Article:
SCAM ALERT: Earth4Energy Not 4 You

PVdiagramAny Internet marketer who starts a pitch with “Fellow Patriots” is going to be nothing but trouble.  Why?   Because this scammer is attempting to use fear and loyalty to separate you from your money.  In the case of Earth4Energy, this Clickbank marketer offers information about how to build your own solar panel, and then throws in a few more “e-books” that provide information about do-it-yourself wind turbines, solar hot water, water purification and survival plants all for the “discounted” price of $47.   Here’s the dirty secret:  this is largely useless information that could be easily found on the Internet for free.   And there’s one more dirty secret:  this marketer is paying other marketers $35 of that $47 to steer you to their website.   The only way they can afford that is to make their money on upsells.   And, like many scammers, they are using Clickbank to sell their ebook so don’t assume you’ll get a refund.  “Rock solid guarantee”…..don’t bet on it.   The scammers bet on the fact that most consumers won’t seek refunds until after the 60-day period expires.   In fact, they count on it.

The cost of electricity can be unfuriating — we get it.  It is an essential, but increasingly expensive, commodity in our modern world.  Electric utilities and their regulators have not served the public well so we are all tempted to find ways to reduce our electric bills while still being able to use this valuable commodity to power our homes and lives. We’ve even authored a guide about how to reduce your electric bill. It is this frustrating scenario that unscrupulous marketers, like the alleged Michael Harvey and his government conspiracy theories.  Oh, give us a break!

Earth4Energy is similar to a number of other scams, such as Power4Patriots, Green DIY Energy,  Green Powered Home, another called Power4Home.  The former is an Internet offering that has been around the Internet since 2009.  It is effective enough that it fools people into believing they can actually build their own power generation from cheap used parts.   But beware: if you look for a review of the product, you are deluged with lots of fake review or “scam” sites that simply direct you to the main sales site or offer some officious pablum talking about how the product is highly rated or recommended.   The marketers for this service pay 75% commission for any referrals they generate.   So these “affiliate marketers” create create fake review sites which effectively thwart any customer who is looking for real reviews.   It is also a tactic to obscure any customers who have posted complaints or alerts about fraudulent claims.  This affiliate marketing trick makes it very difficult for consumers to detect this and other such scams,  As one persevering blogger has noted, scam artists rely upon these fraudulent reviewers to be using tags like:  “does it work?”, “is it a scam?” or “verified review” to suck unsuspecting consumers into this fraud.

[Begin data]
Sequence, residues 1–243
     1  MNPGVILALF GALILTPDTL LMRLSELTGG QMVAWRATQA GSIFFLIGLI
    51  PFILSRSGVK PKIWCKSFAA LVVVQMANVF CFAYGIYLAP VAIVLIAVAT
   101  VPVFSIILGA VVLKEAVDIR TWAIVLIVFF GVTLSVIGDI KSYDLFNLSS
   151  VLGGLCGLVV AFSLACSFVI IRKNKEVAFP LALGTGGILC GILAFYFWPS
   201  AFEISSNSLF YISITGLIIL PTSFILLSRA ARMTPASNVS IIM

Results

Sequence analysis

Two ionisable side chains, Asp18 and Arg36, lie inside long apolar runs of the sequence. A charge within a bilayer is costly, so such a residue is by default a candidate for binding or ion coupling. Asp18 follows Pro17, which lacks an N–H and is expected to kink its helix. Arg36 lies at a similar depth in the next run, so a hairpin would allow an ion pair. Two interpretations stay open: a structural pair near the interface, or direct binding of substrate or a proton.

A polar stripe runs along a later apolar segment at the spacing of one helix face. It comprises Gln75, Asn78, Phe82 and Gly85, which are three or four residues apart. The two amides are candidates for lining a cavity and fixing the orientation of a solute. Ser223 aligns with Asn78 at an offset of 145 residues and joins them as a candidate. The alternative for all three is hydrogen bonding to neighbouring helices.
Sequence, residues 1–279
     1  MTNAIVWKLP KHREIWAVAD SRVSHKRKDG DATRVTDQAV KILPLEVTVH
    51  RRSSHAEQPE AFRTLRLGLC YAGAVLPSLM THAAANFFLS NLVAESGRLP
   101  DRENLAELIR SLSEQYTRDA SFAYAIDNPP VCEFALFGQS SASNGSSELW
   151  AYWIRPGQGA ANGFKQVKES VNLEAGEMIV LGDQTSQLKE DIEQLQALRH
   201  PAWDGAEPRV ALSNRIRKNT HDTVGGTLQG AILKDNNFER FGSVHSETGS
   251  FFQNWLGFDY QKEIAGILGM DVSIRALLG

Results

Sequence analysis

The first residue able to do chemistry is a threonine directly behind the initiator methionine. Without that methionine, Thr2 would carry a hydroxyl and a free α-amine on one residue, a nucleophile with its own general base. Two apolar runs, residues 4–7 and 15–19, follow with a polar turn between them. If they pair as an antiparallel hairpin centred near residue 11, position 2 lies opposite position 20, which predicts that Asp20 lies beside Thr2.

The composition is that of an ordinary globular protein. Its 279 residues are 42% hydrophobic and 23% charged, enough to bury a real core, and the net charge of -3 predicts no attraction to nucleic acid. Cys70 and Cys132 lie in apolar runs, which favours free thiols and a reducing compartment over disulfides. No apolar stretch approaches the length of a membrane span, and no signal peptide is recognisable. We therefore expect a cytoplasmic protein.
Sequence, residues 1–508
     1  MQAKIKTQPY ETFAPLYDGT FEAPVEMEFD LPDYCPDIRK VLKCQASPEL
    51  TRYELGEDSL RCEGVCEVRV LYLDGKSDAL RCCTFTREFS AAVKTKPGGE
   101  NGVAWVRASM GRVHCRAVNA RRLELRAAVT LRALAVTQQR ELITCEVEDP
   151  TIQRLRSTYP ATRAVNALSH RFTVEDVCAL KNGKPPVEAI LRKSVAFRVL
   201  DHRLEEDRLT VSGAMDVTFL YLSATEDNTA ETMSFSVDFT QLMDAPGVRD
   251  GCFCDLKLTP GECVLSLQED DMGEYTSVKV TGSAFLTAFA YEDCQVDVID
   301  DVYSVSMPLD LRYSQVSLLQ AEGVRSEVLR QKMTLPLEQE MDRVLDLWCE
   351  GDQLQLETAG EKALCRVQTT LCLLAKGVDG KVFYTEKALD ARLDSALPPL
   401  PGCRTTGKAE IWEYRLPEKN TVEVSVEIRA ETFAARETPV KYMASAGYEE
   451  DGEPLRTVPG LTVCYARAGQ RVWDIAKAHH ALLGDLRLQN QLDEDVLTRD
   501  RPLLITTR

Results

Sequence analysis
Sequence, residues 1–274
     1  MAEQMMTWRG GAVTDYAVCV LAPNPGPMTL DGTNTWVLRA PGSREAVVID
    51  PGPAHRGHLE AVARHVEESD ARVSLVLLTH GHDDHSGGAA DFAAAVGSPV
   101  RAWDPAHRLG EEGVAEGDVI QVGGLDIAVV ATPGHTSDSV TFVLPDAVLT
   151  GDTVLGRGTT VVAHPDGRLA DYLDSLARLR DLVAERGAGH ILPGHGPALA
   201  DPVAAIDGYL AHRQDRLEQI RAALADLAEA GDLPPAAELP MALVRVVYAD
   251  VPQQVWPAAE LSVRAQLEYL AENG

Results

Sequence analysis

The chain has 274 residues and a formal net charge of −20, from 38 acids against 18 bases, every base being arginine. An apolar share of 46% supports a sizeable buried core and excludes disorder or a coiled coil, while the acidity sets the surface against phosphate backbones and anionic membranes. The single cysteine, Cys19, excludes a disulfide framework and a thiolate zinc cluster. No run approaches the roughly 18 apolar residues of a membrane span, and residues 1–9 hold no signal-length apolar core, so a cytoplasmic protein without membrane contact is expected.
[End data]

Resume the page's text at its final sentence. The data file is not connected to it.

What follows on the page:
Plus, the authors are largely unknown.  If the website fails to feature the credentials of the author and/or if a Google search turns up nothing about this person, you can bet this is a marketer driven product.  Most of these sites feature unknown “experts” who are largely fictional creations by the scammers.   For example, the Michael Harvey who is an electrician alleged to have concocted the Earth4Energy DIY cannot be found on the Internet.   What you will find is many people in the PV business warning you that Harvey is actually the figment of some fraudulent marketer’s imagination.

Plans that offer instructions on how to build a solar panel, a wind generator, or power factor correction units are largely a scam because they are more costly than buying pre-assembled energy systems and, unless you know what you are doing,  they are far more likely to result in an electrocution or a fire.  When you are dealing with electrical components, you need to be careful.   Besides, you can purchase the parts, but the silicon solar cells are most of the cost of the panel. You can wire up your own cells and mount them in a frame, but there is no way you are going to get anything for $150 that will be of much use. You would be lucky to put together a 10W system that could power a compact florescent bulb for about 6 hours a day.   It is akin to building a car out of parts that you buy at a junkyard — it can be done but why would you go to the expense and time?

If you want the kind of information that Earth4Energy is pitching, you can find FREE do-it-yourself information at these sites:

Our recommendation: you don’t have to spend $47 to get information about how to lose weight. And beware ANY Net-based sales pitch that has uncredentialed, slick video presentations with no independent reviews. It may not be a scam, but it is probably a rip-off because it is overpriced for what it is offering.   In this case, there’s lots of good diet information in the marketplace offered at a fraction of the cost of most weight loss schemes.  Save your hard-earned money.

One additional warning:  once you give them your money, you’ll be tagged as “meat”.  Once they know that you’ll fall for this pitch, the same marketers will be coming back to you over and over and over for other such pitches.  So understand that if you pay these marketers anything….let alone $49…..they’ll continue to hound you with more slick schemes designed to prey on your fears and concerns.  Our advice: don’t open your door or wallet to them.  If you are looking for ways to reduce your energy costs, we recommend reading our brief energy savings guide or checking out Smarter House for ideas about how to cut your electric bills a smart way.

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